As Rail Freight Volumes Fall Sharply, Here's My Take On How To Play China

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Includes: FXI, MCHI
by: Heather Ingrassia

Summary

Chinese rail freight volumes fell 10.5% in 2015.

The 10.5% decline of 2015 was nearly 2.25 times greater than the 4.7% decline of 2014.

Recent declines in both rail freight volumes and outside capital investments should attract those who may be looking to short ETFs that are impacted by Chinese economic activity.

rail freightOn Tuesday, January 5, it was reported that Chinese rail freight volumes fell 10.5% in 2015. Considered to be one of the best indicators of economic health, as noted by fellow contributor Das Kapital, I strongly believe that this decline may be one of the many contributing factors to the recent sell-off rattling the Chinese markets over the last few trading sessions.

The importance of this particular decline is two-fold. For starters, the 10.5% decline in 2015 is nearly 2.25x greater than the 4.7% decline that took place in 2014, which raises a red flag and makes us question what may be really going on. Secondly, this could be the start to a very unfavorable trend over the next 12-24 months.

Am I saying that the 2016 decline will be 2.25x greater than that of the 2015 decline? No, I'm not. But if rail freight volumes don't start improving, double-digit declines could become commonplace.

So, what needs to happen in order for rail freight volumes to improve? Given the fact the Chinese economy is built on a foundation of both manufacturing and exports, the simple answer is for its factories to produce more products and then ship those specific products via railway to destinations throughout China and to destinations abroad.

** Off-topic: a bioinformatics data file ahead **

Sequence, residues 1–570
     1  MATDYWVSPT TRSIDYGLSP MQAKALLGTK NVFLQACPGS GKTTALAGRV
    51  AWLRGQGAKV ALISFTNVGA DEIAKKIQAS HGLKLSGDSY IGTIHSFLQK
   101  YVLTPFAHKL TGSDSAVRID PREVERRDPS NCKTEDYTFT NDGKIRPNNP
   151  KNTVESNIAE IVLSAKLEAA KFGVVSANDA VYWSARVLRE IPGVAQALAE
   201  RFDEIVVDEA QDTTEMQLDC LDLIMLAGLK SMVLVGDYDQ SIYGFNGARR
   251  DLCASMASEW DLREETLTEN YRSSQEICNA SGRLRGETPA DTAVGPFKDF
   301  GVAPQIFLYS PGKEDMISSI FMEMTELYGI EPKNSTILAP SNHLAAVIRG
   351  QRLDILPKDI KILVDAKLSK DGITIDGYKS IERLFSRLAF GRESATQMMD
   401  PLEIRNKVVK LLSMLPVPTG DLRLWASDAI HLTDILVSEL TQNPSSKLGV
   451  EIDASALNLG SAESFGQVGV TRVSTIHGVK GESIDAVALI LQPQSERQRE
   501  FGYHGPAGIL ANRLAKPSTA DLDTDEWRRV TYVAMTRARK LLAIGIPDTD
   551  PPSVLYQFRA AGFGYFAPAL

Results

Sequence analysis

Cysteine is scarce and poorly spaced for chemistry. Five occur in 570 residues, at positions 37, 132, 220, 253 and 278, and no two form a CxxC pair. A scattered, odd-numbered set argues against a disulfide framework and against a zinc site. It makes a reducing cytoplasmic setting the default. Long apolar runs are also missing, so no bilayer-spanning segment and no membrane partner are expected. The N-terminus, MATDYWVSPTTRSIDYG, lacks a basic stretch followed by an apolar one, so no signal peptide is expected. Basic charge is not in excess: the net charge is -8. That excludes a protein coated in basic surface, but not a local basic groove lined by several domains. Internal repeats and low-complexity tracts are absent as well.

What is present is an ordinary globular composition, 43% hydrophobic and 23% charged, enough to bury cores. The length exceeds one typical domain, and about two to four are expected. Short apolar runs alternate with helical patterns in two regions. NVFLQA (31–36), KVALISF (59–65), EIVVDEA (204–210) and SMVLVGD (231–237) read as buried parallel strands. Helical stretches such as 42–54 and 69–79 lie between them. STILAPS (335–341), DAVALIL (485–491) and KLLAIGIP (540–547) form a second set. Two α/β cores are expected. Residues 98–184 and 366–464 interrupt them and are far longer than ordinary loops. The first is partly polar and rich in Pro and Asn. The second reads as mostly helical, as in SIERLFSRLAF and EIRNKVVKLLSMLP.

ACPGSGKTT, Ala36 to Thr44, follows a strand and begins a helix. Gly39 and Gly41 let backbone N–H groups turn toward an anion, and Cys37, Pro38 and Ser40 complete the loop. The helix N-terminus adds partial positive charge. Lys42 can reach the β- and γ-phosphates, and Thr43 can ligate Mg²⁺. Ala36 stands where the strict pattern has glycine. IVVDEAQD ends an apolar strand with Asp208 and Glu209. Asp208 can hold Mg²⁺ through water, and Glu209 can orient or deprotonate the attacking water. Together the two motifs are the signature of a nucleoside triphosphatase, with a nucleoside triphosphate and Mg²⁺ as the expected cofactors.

Although it might sound great on paper, we must recognize the fact that demand for Chinese goods has declined, a large number of Chinese factories are overcapacity, and a sense of fear has minimized the activity of those who may be looking to invest in both China and the companies that are based there. Chinese exports can't demonstrate an improvement unless the number of orders increases, and in order for that to happen, a significant influx of capital investments must occur.

In my opinion, many businesses have either significantly reduced, or in some cases even halted, their capital investments in China. In doing so, these businesses have made a wise choice by putting the needs of their shareholders first, rather than strategize about where and when their next capital investment in the region would take place.

Conclusion

As capital investments in China continue to decline, we must ask ourselves whether or not we should proceed with caution or completely rule out the idea of an investment at this time.

For those of you considering a position in an ETF such as the iShares China Large-Cap ETF (NYSEARCA:FXI) or the iShares MSCI China ETF (NYSEARCA:MCHI), I must agree with Das Kapital and say that by shorting either of these ETFs, the results could yield some very favorable upside.

However, for those of you who may be looking to establish a long-term position via the ETF route, I'd actually stay on the sidelines for a bit longer and wait for the Chinese economy to stabilize before executing such a move.

Disclosure: I/we have no positions in any stocks mentioned, but may initiate a short position in FXI, MCHI over the next 72 hours.

I wrote this article myself, and it expresses my own opinions. I am not receiving compensation for it (other than from Seeking Alpha). I have no business relationship with any company whose stock is mentioned in this article.